Shopping trolleys are seen at a Tesco Express in southwest London September 22, 2014.
Shopping trolleys are seen at a Tesco Express in southwest London September 22, 2014. Reuters/Luke MacGregor

Britain’s supermarket giant Tesco has sold off a dozen sites that it no longer wants to develop. The transaction was worth £250 million (AU$531.6 million). The sites, located in various parts of London -- the South East and Bath -- will now be used for the housing sector, where 10,000 new homes will be built.

The land sites were purchased by Meyer Bergman, a property investment firm. Markus Meijer, chief executive of the property firm said the investment would give new impetus to the abandoned Tesco projects.

The retailer has dropped nearly 50 projects and many of those sites are now derelict. The plot sale is part of the supermarket's revival strategy, the BBC reported.

Expansion on hold

Alan Stewart, Tesco’s chief financial officer, told BBC Radio that Tesco would not develop new stores on the mothballed sites.

“We don't have the resource to put into these developments,” he said.

The development sites sold by Tesco include:

  • Fulham High Street
  • Highams Park
  • Hounslow
  • Lewisham
  • New Barnet
  • St Albans
  • Tolworth
  • Hillingdon
  • Woolwich
  • Epsom
  • Kensington

Tesco had announced in January 2015 that it will shelve plans to open 49 large supermarkets and close 43 unprofitable stores. The suspended expansion is part of chief executive Dave Lewis's strategy to revive the company into its past glory, which had taken a beating after consecutive losses and an accounting scandal in 2014.

Tesco’s decision to scrap its new stores has drawn criticism. Pat McFadden, Labour MP of Wolverhampton South East, said the local community in his area had been let down.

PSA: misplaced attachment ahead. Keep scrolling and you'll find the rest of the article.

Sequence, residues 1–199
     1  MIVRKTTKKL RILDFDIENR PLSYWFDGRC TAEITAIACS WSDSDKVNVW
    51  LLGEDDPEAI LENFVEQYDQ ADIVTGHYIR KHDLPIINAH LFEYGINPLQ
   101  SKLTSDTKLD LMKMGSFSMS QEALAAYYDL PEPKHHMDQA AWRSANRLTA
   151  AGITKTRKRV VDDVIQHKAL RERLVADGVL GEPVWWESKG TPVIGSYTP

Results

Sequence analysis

Clive Black, head of research at Shore Capital, noted that Tesco is trying to make the existing sites better, saying the retailer was selling the sites where it once wanted to open stores, because it wanted to reduce its burden of debt, expenses on rents and pension responsibilities.

“The journey has started, but there's a long road ahead before we can say Tesco is in calmer waters and sailing into much brighter times,” Black said.

Besides the lucrative sites sold in the south-east of England, Tesco owns more sites across the north of England but has not set a timeline for selling those sites, signalling that they will remain locked and unused.

Customer satisfaction

Meanwhile, Tesco has unveiled its hotly anticipated TV campaign, reports Marketing Magazine. The TV ad promotes the retailer's new Brand Guarantee scheme and features a family dynamic with three characters playing a mum, dad and 20-year-old son. They are being played by Ruth Jones, Ben Miller and new actor Will Close.

The supermarket has also increased manpower in its stores to add more checkout counters in a bid to cut waiting time for customers, reports Campaign Live.

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